“Scripting problems were first in a number of communication and approval problems with Warner. Problems arose with, of all things, Superman’s groin size. “We sent them the box art for the game and [they came back and said], ‘you need to make Superman’s package smaller. That’s a little too big. Superman wouldn’t look like that,'” says Nystrom.”
“As great as MyPark and Pro-Am are in theory, both modes’ leaderboards are too full of players that appear to have paid their way upward. Regardless of where MyCareer gameplay happens, the slog of leveling eases with NBA 2K17’s Virtual Currency, which can be bought in amounts that range from $2 to $100. While gameplay skill factors in, high player ratings carry obvious and substantial impact, with less urgency to improve for higher VC payouts. Never mind how this comes at odds with the hard work and success theme of Aaron Covington’s story.”
“Beginning with FIFA 2009, the Ultimate Team feature quickly escalated into a mainstay, the result of that dream-like, pretend billionaire culture. It’s a distinctly American thing in terms of pro football, if seemingly stronger post-recession when this all took off. Built on the idea of artificial scarcity and tantalizing reward screens, Madden 17’s Ultimate Team reaches a crescendo. Pyrotechnics flare when menu surfing. There are flashing lights, tempting countdown clocks and shimmering gold borders, all reaching maximum gaudiness in Madden 17.”
“For a distinctly American film in style and period, it’s voraciously anti-American in themes. Maybe there’s the key to Iron Giant’s lackluster theatrical performance. Set in the heart of June Cleaver’s purified 1950s, there are single mothers and artistic beatniks mixing with anti-bomb, anti-war, and the coup de gras, anti-gun leanings. A film too early then, rushing into a sensible conversation about firearms mere months after the Columbine tragedy exposed a most American of problems. So maybe Iron Giant was too uncomfortable to watch, or worse, it was correct on the issue before anyone realized. It’s hard to overcome the cultural fear of being in the wrong, let alone paying someone to tell us so.”
“In the back-half remains a big event monster picture, one elegant and ferocious despite some notably imperfect scenery. Godzilla’s obliteration of the Japanese mainland defense with a single breath connects to the allegory; Japan’s vulnerable against an irradiated threat. Once on land, Godzilla is less destructive than prior, more curious when dwarfed by the country’s growing economic status. Compare Godzilla 1954 and Godzilla 1984; the startling Western-like growth of the creature’s usual stomping grounds shows a country high in economic confidence, but in a film antsy about loss. The emblematic contrast is genuine.”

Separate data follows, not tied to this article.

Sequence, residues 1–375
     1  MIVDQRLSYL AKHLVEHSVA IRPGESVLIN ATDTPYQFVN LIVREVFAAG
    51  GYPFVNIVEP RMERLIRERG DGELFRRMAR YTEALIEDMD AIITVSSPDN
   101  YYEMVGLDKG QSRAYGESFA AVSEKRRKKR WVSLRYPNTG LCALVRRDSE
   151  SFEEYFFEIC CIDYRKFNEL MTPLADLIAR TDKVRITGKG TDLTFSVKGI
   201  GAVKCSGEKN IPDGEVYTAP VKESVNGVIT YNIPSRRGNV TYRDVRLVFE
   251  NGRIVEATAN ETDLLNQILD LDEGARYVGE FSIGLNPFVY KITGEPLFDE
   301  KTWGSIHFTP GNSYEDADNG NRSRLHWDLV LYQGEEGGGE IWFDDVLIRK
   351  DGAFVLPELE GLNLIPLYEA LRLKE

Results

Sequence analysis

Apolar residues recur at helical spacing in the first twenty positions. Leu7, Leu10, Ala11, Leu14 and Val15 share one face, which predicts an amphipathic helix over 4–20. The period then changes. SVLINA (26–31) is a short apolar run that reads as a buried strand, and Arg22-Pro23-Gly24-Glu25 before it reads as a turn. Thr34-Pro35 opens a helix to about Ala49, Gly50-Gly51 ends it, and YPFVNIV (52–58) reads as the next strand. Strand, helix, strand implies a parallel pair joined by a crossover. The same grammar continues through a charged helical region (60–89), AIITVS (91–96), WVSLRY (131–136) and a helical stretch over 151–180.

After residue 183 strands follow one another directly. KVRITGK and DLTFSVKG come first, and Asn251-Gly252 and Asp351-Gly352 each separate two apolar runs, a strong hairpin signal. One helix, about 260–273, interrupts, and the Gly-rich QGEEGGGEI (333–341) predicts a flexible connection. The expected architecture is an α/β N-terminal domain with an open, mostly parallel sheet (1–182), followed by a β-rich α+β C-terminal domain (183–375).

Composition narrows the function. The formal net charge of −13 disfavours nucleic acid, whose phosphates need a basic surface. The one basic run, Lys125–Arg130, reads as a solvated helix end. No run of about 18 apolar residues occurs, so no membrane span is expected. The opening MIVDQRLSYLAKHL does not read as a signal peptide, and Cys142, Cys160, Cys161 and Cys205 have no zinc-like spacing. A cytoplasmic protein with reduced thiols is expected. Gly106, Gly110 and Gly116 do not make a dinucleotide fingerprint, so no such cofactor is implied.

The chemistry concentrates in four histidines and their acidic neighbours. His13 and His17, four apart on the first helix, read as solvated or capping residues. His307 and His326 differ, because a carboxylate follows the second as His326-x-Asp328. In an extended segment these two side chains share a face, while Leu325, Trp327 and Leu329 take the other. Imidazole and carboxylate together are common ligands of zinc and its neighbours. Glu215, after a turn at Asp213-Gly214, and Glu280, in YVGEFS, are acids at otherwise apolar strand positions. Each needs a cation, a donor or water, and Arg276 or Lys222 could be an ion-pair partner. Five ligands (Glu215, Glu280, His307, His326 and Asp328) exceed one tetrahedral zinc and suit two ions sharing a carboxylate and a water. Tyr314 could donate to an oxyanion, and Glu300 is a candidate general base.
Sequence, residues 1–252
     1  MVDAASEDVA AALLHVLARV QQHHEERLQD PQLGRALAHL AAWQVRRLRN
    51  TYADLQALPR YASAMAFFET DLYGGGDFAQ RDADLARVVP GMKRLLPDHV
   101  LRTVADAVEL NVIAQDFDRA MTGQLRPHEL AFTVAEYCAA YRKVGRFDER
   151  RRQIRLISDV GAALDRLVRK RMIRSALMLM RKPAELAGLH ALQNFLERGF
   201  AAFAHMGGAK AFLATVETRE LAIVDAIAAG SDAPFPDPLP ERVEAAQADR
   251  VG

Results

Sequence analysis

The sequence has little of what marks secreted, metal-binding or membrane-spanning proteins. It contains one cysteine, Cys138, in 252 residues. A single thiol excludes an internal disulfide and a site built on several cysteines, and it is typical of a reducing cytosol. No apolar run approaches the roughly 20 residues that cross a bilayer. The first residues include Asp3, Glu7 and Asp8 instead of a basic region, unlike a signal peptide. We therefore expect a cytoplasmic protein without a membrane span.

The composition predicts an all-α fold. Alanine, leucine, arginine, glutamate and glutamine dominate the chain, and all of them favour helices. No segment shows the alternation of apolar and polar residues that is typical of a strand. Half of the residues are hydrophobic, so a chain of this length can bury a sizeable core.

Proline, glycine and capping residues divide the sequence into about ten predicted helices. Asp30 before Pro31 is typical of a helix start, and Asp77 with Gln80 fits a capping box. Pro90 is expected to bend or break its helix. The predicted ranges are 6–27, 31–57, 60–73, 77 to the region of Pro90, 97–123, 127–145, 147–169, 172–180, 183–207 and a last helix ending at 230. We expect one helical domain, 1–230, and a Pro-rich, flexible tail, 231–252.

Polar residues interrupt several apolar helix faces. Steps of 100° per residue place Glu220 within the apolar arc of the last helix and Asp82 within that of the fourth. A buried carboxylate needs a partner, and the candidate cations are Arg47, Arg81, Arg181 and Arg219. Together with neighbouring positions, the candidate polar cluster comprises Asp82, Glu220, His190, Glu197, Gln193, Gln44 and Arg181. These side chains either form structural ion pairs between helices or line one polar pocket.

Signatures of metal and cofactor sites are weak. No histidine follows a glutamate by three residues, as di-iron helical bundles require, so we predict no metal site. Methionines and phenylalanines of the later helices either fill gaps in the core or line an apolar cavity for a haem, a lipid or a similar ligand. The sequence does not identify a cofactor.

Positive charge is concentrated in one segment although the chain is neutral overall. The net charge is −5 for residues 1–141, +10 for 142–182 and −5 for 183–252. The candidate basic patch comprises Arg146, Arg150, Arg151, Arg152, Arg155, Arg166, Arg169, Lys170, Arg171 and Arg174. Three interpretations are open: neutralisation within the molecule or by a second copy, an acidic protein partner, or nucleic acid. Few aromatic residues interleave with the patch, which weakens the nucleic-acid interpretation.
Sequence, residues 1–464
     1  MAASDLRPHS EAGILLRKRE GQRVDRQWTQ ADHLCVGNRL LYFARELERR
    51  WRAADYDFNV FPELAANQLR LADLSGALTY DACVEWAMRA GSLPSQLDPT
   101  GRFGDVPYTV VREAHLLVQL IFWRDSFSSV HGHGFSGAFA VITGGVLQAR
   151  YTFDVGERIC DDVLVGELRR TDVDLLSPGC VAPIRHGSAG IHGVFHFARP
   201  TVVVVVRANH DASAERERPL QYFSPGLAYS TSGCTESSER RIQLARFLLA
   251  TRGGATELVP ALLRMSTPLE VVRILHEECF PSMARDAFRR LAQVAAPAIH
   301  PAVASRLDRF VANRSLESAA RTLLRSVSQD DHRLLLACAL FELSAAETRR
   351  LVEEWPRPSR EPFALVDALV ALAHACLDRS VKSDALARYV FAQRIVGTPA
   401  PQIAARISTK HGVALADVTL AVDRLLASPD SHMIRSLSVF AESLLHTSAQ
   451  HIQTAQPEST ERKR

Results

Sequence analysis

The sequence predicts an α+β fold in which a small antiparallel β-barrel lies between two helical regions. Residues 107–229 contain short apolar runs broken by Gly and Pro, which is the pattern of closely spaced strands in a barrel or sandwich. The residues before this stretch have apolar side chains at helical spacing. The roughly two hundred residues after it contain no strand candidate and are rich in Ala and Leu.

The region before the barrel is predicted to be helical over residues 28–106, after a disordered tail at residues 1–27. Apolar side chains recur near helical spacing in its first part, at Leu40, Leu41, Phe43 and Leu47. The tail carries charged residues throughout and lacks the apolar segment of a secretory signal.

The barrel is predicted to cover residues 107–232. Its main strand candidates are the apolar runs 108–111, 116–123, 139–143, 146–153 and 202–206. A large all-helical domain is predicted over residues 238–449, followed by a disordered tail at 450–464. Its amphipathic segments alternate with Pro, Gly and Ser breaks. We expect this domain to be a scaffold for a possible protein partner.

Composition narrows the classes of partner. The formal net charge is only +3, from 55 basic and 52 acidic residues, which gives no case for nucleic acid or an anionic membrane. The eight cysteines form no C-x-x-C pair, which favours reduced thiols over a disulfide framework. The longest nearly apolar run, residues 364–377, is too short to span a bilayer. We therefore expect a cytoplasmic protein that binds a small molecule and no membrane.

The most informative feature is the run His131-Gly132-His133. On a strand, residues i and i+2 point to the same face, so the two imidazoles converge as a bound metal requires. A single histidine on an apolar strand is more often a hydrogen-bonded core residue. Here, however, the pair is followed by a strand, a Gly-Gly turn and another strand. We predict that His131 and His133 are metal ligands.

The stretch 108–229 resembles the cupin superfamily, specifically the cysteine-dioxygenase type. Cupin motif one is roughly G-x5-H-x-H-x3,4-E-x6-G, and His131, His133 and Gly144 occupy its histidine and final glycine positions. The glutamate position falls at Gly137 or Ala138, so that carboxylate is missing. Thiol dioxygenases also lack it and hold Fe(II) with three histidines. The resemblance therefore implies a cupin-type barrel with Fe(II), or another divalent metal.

“Xbox Fitness is not an isolated case, but unlike an aging service being taken offline—the DSiWare shop opened in mid-2009—Microsoft has an active, relatively new product. And, when the servers turn off next year, Xbox Fitness won’t work whether the file remains on a user’s hard drive or not.
“If we were talking about DVDs, a retailer would never try a stunt like this. But Microsoft, armed with a license agreement that denies consumers any meaningful legal rights, is training consumers to not only suffer, but to expect this sort of treatment,” said Perzanowski.”
“I adore tech, even if progress can be terrifying. The Wii’s motion controls were first to elicit a scare, requiring physicality beyond what was usually comfortable. Microsoft’s Kinect was too frequently unplayable for me. I’ve watched the creation of more active VR like the Virtuix Omni, allowing people to run in place as they play first-person games. Seeing videos of that almost becomes like an out-of-body projection. You envision yourself trying (and failing) to keep pace with the runner playing a military simulation. There is a fear tech will outpace what I can do.”